Magnetic and gold-coated magnetic nanoparticles as a DNA sensor

Gilles K. Kouassi, Joseph Irudayaraj

Research output: Contribution to journalArticlepeer-review


In this study, we report the chemical synthesis and functionalization of magnetic and gold-coated magnetic nanoparticles and the immobilization of single-stranded biotinylated oligonucleotides onto these particles. Selected sequences specific to the BRCA1 gene were used as a test platform. The binding of oligonucleotides to these particles was achieved through a streptavidin-biotin bridge via a carbodiimide activation protocol. Particle size and oligonucleotide attachment were confirmed by transmission electron microscopy; oligonucleotide binding was characterized by Fourier transform infrared spectroscopy and hybridization confirmed by fluorescence emission from the fluorophore attached to the target oligonucleotide strand. The rate of hybridization was measured using a spectrofluorometer and a microarray scanner. The rate of hybridization of oligonucleotides bound to the synthesized particles depends on the inorganic support material and its surface chemistry. The rate of hybridization increased concomitantly with the concentration of the probe and the target in the reaction medium. Furthermore, exposure of probe and target oligonucleotide to a combination of target and noncomplementary DNA strand reduced the rate of hybridization, possibly because of steric crowding in the reaction medium and cross-linking between reacting oligonucleotides and the noncomplementary strands. The study undertaken opens several possibilities in bioconjugate attachment to functionalized iron and iron nanocomposite structures for controlled manipulation and handling using magnetic fields.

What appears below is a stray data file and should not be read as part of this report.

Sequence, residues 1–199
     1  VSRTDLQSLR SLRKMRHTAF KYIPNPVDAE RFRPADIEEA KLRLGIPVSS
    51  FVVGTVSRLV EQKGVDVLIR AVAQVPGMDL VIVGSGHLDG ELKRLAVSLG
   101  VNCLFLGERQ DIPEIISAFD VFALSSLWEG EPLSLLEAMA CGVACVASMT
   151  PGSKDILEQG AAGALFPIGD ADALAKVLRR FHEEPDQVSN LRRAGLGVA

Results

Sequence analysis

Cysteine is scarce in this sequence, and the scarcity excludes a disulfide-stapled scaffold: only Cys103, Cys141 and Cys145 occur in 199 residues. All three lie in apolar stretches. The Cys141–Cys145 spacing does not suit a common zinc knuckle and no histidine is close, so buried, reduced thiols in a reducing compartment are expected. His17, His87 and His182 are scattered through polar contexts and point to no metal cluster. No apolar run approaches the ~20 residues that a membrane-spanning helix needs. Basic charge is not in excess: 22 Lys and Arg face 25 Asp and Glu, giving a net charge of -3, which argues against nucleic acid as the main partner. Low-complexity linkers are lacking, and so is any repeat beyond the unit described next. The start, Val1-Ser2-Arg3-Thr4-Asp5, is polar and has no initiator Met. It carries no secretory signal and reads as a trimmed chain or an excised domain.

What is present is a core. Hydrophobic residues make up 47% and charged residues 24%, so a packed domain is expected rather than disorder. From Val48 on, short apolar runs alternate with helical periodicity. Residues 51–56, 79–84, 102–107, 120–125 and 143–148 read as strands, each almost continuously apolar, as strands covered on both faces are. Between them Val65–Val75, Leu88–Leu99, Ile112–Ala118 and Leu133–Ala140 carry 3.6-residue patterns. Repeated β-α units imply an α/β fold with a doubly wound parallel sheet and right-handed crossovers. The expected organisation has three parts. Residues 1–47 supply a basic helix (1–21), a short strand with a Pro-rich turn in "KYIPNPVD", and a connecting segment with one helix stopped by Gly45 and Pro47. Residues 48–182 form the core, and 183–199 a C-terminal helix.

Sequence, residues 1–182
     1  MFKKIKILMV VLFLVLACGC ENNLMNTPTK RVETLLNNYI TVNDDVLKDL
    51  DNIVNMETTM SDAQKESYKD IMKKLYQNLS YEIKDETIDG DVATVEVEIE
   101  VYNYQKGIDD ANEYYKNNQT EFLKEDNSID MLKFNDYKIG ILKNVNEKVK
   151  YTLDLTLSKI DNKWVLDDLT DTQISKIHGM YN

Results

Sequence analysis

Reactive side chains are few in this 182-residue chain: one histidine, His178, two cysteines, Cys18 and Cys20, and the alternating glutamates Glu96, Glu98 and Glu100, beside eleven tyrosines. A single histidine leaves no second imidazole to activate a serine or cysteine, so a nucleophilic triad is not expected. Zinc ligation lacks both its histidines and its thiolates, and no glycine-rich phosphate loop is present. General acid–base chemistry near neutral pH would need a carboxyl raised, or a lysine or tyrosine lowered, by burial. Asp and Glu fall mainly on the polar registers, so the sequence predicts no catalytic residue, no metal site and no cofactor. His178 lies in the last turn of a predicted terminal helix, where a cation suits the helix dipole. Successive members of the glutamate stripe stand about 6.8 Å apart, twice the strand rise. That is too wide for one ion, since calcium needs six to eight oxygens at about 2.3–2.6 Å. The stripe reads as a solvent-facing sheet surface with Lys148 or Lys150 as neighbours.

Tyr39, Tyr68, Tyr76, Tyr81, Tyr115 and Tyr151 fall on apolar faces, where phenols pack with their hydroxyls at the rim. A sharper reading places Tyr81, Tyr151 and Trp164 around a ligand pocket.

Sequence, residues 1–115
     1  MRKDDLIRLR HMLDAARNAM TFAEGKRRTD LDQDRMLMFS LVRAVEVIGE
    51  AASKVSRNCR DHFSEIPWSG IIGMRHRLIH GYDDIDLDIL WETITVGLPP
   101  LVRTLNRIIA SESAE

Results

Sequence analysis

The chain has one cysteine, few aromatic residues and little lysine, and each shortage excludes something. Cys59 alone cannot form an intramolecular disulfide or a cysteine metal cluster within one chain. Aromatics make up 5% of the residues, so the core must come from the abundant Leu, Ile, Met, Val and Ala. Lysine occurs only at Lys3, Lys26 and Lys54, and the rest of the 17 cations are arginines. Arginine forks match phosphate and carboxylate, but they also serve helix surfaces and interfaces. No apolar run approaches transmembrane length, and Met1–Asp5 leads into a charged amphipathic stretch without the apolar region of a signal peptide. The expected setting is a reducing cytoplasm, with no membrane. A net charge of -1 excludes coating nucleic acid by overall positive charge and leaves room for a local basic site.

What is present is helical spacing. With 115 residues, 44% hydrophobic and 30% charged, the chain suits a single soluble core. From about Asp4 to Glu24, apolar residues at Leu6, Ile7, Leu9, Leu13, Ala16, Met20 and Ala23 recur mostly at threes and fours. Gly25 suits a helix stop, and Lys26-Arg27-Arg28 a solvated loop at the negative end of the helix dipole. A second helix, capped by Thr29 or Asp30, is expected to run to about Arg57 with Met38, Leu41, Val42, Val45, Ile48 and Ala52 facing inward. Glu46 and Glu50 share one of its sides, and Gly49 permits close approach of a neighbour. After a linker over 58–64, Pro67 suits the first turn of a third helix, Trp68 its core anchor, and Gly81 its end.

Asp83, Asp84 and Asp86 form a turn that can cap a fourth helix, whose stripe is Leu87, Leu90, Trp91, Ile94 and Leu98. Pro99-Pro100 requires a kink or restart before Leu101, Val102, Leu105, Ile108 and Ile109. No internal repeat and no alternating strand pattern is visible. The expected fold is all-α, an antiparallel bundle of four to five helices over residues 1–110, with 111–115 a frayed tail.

Original languageEnglish (US)
Pages (from-to)3234-3241
Number of pages8
JournalAnalytical Chemistry
Issue number10
StatePublished - May 15 2006
Externally publishedYes

ASJC Scopus subject areas

  • Analytical Chemistry


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